Diabetes UK is the leading UK charity that cares for, connects with and campaigns on behalf of all people affected by and at risk of diabetes. Through a range of research funding schemes, Diabetes UK supports researchers engaged in projects committed to improving the care and treatment of diabetes, preventing it from developing in those at risk and, ultimately, finding a cure. For more information on all aspects of diabetes and access to Diabetes UK activities and services, visit www.diabetes.org.uk

Tara Womersley | EurekAlert!
Further information:
http://www.ed.ac.uk
http://www.diabetes.org.uk

More articles from Health and Medicine:

nachricht Finnish research group discovers a new immune system regulator
23.02.2018 | University of Turku

nachricht Minimising risks of transplants
22.02.2018 | Friedrich-Alexander-Universität Erlangen-Nürnberg

All articles from Health and Medicine >>>

The most recent press releases about innovation >>>

Die letzten 5 Focus-News des innovations-reports im Überblick:

Im Focus: Attoseconds break into atomic interior

A newly developed laser technology has enabled physicists in the Laboratory for Attosecond Physics (jointly run by LMU Munich and the Max Planck Institute of Quantum Optics) to generate attosecond bursts of high-energy photons of unprecedented intensity. This has made it possible to observe the interaction of multiple photons in a single such pulse with electrons in the inner orbital shell of an atom.

In order to observe the ultrafast electron motion in the inner shells of atoms with short light pulses, the pulses must not only be ultrashort, but very...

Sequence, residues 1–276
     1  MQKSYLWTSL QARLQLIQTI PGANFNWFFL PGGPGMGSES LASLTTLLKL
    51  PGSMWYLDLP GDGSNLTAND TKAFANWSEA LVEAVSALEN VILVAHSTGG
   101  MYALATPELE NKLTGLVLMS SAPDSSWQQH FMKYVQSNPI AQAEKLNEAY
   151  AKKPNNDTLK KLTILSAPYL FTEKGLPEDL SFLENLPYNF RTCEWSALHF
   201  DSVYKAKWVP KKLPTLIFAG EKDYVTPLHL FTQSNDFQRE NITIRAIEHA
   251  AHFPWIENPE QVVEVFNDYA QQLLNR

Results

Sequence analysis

Im Focus: Good vibrations feel the force

A group of researchers led by Andrea Cavalleri at the Max Planck Institute for Structure and Dynamics of Matter (MPSD) in Hamburg has demonstrated a new method enabling precise measurements of the interatomic forces that hold crystalline solids together. The paper Probing the Interatomic Potential of Solids by Strong-Field Nonlinear Phononics, published online in Nature, explains how a terahertz-frequency laser pulse can drive very large deformations of the crystal.

By measuring the highly unusual atomic trajectories under extreme electromagnetic transients, the MPSD group could reconstruct how rigid the atomic bonds are...

Im Focus: Developing reliable quantum computers

International research team makes important step on the path to solving certification problems

Quantum computers may one day solve algorithmic problems which even the biggest supercomputers today can’t manage. But how do you test a quantum computer to...

Im Focus: In best circles: First integrated circuit from self-assembled polymer

For the first time, a team of researchers at the Max-Planck Institute (MPI) for Polymer Research in Mainz, Germany, has succeeded in making an integrated circuit (IC) from just a monolayer of a semiconducting polymer via a bottom-up, self-assembly approach.

In the self-assembly process, the semiconducting polymer arranges itself into an ordered monolayer in a transistor. The transistors are binary switches used...

Im Focus: Demonstration of a single molecule piezoelectric effect

Breakthrough provides a new concept of the design of molecular motors, sensors and electricity generators at nanoscale

Researchers from the Institute of Organic Chemistry and Biochemistry of the CAS (IOCB Prague), Institute of Physics of the CAS (IP CAS) and Palacký University...

All Focus news of the innovation-report >>>

Anzeige

Anzeige

VideoLinks
Industry & Economy
Event News

2nd International Conference on High Temperature Shape Memory Alloys (HTSMAs)

15.02.2018 | Event News

Aachen DC Grid Summit 2018

13.02.2018 | Event News

How Global Climate Policy Can Learn from the Energy Transition

12.02.2018 | Event News

 
Latest News

Basque researchers turn light upside down

23.02.2018 | Physics and Astronomy

Finnish research group discovers a new immune system regulator

23.02.2018 | Health and Medicine

Attoseconds break into atomic interior

23.02.2018 | Physics and Astronomy

VideoLinks
Science & Research
Overview of more VideoLinks >>>